I was starting to wonder if I wanted to have a baby at all, or was it that I was beginning to quietly think that I didn’t want to have a baby with this husband. I was also coming to suspect as my husband and I came to the end of our pregnancy quest that he would be the fun dad, taking the kids to the ball field and for ice cream and I would get stuck with all the actual dirty work of wiping butts and doing endless loads of laundry.
I decided if God wanted me to have a baby, I’d have one. And I didn’t.
Most days I’m OK with that. Being childless has allowed me to mostly do what I want. I can come home after work and read or watch TV. I can cook dinner when ever I want – or not. And I can lay on the couch all day Saturday with no responsibilities and nowhere to go. It gives me a lot more disposable income that I wouldn’t have had if I were spending it on kids. And I’m very happy that my husband and I didn’t have kids to drag though a divorce. (Although maybe we wouldn’t have gotten divorced if we’d had children.)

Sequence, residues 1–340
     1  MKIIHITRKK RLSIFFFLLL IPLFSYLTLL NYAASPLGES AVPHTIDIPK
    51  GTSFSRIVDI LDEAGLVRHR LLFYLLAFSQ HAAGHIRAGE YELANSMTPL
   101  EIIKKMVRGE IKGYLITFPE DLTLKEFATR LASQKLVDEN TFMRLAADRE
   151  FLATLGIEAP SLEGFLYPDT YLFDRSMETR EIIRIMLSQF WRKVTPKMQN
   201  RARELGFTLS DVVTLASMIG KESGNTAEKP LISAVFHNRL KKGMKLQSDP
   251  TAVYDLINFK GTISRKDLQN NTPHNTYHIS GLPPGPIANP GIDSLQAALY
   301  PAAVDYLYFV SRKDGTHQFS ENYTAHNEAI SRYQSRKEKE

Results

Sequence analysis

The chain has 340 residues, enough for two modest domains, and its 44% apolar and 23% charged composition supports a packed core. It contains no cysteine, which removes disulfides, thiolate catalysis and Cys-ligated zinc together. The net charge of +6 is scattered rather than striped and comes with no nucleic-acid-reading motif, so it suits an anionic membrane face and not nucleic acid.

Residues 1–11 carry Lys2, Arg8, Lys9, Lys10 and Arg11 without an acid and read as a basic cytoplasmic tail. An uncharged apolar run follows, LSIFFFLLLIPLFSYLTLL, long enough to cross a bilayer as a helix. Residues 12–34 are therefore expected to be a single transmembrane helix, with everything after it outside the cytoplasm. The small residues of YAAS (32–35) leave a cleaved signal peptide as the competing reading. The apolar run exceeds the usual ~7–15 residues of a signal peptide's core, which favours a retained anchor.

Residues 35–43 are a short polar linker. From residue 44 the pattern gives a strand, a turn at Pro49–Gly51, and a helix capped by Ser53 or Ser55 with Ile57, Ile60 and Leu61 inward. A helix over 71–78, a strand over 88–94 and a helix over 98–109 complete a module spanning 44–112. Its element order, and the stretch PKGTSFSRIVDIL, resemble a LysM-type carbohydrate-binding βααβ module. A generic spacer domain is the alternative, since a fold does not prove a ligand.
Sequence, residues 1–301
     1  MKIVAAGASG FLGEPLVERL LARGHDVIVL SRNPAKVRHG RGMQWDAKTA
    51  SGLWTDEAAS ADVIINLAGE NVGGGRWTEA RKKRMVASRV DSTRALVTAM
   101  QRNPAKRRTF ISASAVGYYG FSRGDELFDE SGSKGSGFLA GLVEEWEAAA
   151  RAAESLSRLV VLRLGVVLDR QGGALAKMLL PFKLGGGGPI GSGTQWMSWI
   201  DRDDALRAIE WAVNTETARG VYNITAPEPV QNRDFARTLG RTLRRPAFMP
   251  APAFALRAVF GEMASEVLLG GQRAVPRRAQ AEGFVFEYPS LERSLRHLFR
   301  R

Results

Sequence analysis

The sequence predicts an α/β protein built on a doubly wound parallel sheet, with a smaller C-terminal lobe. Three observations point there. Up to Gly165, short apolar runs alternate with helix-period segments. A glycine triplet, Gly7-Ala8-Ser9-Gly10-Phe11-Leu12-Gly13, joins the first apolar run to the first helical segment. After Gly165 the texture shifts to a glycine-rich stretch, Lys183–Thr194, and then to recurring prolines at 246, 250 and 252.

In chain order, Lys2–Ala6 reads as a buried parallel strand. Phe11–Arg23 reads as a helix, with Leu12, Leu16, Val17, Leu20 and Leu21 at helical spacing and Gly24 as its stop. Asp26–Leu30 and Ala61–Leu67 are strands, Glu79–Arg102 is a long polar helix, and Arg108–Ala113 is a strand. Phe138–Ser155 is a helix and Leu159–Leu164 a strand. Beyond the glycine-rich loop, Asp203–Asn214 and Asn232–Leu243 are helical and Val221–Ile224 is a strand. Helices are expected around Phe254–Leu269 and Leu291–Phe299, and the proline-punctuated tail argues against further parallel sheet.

I actually don’t even think I would’ve been a very good parent. I generally feel like I’m 14-years-old every day. I don’t know if I could’ve handled the incredible responsibility of raising kids. And I have always seriously, really, no kidding, felt terrified and pretty certain that at some point my child would make me so angry that I would literally kill them.
But despite the benefits and the escape from my parenting doubts, there are times regret sneaks in. How many joyful experiences have I missed by not experiencing childbirth and child raising? What kind of love will I never know? Who will look after me when I get old?
It all makes me feel like a failure sometimes. It’s just something else I quit. Something else that I didn’t achieve. Something else that makes me less of a woman.
We used to do a ceremony at church on Mother’s Day called “The Blessing of the Families.” There was a liturgy of blessing the congregation read in unison for each “type of family.” The different groups could come down to the altar and be prayed for as their blessing was read.
The service was written to be very sensitive to the realities of all our different experiences. There was a reading for singles, a reading for families of our choosing, there was a reading for families with children…. Everyone was included. But it all just made me feel empty and made my heart ache. (Sorry, Mandy!)